Extending the Sales Season of Cut Flowers Using Refrigerated Storage-2004 Report
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This is a 2004 report from a NC Specialty Crops Program Project. It is posted for historical reference purposes.
PROJECT LEADER(S): Jean Harrison, Yancey County CES
LOCATION: The refrigerated room and cut flower production is at the Miller farm (Black Horse Farm) in Yancey County.
The impact of this study will not be realized until after the 2005 season.
Funding was sought for construction of a refrigerated storage space within the Miller’s tobacco barn. We proposed to use the refrigerated room on the Miller farm to remove the field heat from peonies, enabling them to be stored for up to 3 months so that they could be sold to local florists and at the farmer’s market throughout the summer.
The room was constructed with dimensional lumber inside a tobacco barn. The walls, floor and ceiling were framed using 2 x 6″ lumber allowing for additional insulation (R34). The room is sheathed on the outside with glue chip board and the interior floor is tongue and groove plywood, which will eventually be covered with vinyl floor covering. The interior walls are 6 mil plastic at present, and will be covered with sheet metal when the budget allows. The door is a standard metal clad exterior door with 1′ blueboard attached to increase the insulation value. The air conditioners will be modified to accept an industrial thermostat allowing the temperature to go much colder than a standard window unit allows. The thermostat will be attached to a remote bulb sensor which will cycle the a/c units off and on as needed. We will attach heat strips to the “fins” on the a/c units which will cycle on and off preventing them from freezing up.
In November, 2003, 300 peonies had been planted in soil amended with peat moss and bone meal on river bottom land formerly used for tobacco production.
The refrigerated room was constructed in the barn as proposed (Fig. 1). Unfortunately, the Millers were unable to harvest any of their peonies this year due to disease. Infections by Botrytis, Cladosporium, and Verticillium fungi were diagnosed in the shoots of the peonies growing in the former tobacco field. Peony shoots and buds that had been growing successfully in the spring suddenly developed wilt and dieback symptoms (Figs. 2, 3) with the onset of heavy rains, and once infected, they failed to produce any flowers for harvest. These fungi are thought to have spread via wind and rain to the peonies, infecting shoots only. The peony bulbs did not appear to be infected.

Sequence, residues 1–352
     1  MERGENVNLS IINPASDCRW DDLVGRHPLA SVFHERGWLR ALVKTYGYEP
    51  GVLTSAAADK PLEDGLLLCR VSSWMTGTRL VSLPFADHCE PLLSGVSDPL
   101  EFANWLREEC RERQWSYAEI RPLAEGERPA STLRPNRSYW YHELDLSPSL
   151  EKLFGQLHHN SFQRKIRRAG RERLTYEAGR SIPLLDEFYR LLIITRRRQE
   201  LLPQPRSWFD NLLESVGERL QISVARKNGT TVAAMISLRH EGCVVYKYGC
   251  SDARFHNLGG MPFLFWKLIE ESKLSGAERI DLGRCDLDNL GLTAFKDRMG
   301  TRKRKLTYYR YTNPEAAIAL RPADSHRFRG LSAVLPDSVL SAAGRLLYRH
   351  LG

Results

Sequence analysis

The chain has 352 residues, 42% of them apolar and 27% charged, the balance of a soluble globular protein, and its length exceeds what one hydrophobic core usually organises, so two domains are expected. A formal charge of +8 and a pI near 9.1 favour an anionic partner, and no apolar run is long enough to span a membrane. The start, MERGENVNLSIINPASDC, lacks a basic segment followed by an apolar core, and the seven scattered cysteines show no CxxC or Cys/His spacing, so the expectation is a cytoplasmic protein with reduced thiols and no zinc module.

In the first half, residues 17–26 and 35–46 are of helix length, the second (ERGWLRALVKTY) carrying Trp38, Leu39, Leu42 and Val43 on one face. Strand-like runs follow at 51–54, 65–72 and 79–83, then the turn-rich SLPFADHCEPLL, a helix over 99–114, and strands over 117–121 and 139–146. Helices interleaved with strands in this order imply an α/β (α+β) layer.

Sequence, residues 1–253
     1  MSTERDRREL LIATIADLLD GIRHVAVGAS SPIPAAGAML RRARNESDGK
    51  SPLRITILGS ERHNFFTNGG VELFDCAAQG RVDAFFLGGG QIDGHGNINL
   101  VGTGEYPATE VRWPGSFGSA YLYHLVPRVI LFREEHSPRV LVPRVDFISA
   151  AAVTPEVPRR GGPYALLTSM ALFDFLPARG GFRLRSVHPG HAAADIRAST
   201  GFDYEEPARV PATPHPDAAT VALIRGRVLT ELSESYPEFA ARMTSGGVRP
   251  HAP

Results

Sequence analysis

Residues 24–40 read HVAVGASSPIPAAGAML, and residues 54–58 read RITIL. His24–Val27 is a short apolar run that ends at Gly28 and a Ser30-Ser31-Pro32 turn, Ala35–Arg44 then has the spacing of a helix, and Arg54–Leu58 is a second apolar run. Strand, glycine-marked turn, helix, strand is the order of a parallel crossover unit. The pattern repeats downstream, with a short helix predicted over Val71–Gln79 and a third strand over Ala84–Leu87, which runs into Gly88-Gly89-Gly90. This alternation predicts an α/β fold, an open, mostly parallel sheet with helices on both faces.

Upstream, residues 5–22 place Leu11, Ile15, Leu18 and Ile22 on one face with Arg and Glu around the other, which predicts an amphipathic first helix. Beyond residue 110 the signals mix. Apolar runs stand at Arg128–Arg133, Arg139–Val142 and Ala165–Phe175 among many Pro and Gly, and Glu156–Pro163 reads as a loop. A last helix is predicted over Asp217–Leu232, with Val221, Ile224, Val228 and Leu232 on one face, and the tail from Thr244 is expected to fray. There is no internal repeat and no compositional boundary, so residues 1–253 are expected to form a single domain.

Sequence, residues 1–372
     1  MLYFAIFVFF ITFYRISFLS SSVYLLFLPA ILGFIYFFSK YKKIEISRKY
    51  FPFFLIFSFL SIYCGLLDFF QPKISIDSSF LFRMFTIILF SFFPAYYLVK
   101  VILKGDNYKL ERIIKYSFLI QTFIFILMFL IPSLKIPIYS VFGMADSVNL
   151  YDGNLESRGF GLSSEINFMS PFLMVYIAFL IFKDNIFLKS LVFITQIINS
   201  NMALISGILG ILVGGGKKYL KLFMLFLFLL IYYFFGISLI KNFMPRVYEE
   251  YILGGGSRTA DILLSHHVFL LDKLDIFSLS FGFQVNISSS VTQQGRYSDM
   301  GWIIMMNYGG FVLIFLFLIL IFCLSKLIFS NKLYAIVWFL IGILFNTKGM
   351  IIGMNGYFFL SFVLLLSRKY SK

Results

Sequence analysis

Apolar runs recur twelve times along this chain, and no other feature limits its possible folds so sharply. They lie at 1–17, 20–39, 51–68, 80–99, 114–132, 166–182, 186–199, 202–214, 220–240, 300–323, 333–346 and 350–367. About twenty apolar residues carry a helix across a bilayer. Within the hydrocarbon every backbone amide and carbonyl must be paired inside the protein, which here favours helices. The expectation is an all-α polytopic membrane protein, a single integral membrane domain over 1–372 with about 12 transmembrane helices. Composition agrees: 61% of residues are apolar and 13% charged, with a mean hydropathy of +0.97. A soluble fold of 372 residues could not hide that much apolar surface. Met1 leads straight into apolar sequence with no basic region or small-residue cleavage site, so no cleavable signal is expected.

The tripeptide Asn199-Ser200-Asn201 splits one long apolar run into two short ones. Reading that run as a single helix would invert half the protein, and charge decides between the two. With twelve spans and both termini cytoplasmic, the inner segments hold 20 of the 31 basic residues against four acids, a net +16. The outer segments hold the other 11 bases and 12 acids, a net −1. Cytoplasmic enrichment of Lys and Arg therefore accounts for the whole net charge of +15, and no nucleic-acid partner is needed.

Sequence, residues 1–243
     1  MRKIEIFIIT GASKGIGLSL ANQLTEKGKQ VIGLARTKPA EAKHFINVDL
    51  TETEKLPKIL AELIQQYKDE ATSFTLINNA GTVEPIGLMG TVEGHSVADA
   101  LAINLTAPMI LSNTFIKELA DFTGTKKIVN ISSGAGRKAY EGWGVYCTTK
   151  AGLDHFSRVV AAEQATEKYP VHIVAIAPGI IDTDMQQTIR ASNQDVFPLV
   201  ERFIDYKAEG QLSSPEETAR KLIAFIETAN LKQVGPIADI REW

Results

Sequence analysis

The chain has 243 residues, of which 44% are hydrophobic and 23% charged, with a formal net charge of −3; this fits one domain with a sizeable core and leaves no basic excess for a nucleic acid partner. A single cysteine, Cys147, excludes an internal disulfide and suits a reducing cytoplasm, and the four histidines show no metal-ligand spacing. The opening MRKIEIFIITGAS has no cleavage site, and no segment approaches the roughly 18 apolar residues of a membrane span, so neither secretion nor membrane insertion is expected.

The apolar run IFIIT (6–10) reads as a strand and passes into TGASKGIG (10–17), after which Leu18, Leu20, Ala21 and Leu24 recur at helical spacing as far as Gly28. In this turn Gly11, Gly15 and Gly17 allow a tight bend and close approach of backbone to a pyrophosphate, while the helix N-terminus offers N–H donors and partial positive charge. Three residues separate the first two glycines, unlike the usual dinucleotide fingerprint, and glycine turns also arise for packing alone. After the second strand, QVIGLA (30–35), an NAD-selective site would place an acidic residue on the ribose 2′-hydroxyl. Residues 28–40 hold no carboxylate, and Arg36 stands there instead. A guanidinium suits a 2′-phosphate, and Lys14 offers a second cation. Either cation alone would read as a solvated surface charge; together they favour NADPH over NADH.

With the wet spring weather of 2004, and the tropical storms in fall, the cut flowers on the Miller farm were extremely susceptible to disease. This project will need another year before we can collect the information that we were seeking. We are taking a few steps backwards to try to improve the growing conditions for the peonies. The peony bulbs have been extracted this month (February) while they are still dormant. Soil samples have been sent to the soil analysis lab and the soil will be amended with the appropriate amendments to optimize its nutritional value for peony production. The next step is to turn the existing mulch/organic matter into the soil, raise the beds with a bedder/shaper, replant the peonies, and mulch the beds with a composted material. The Millers want to produce the peonies organically—however, they do not want to lose out on another year’s harvest. Thus, we will be better prepared in the 2005 season and will use chemical fungicides to help control foliar disease infections if wet weather conditions persist. We intend to collect information on effects of cold storage on vase life and effects on marketable yield of peonies this summer in order to complete this study.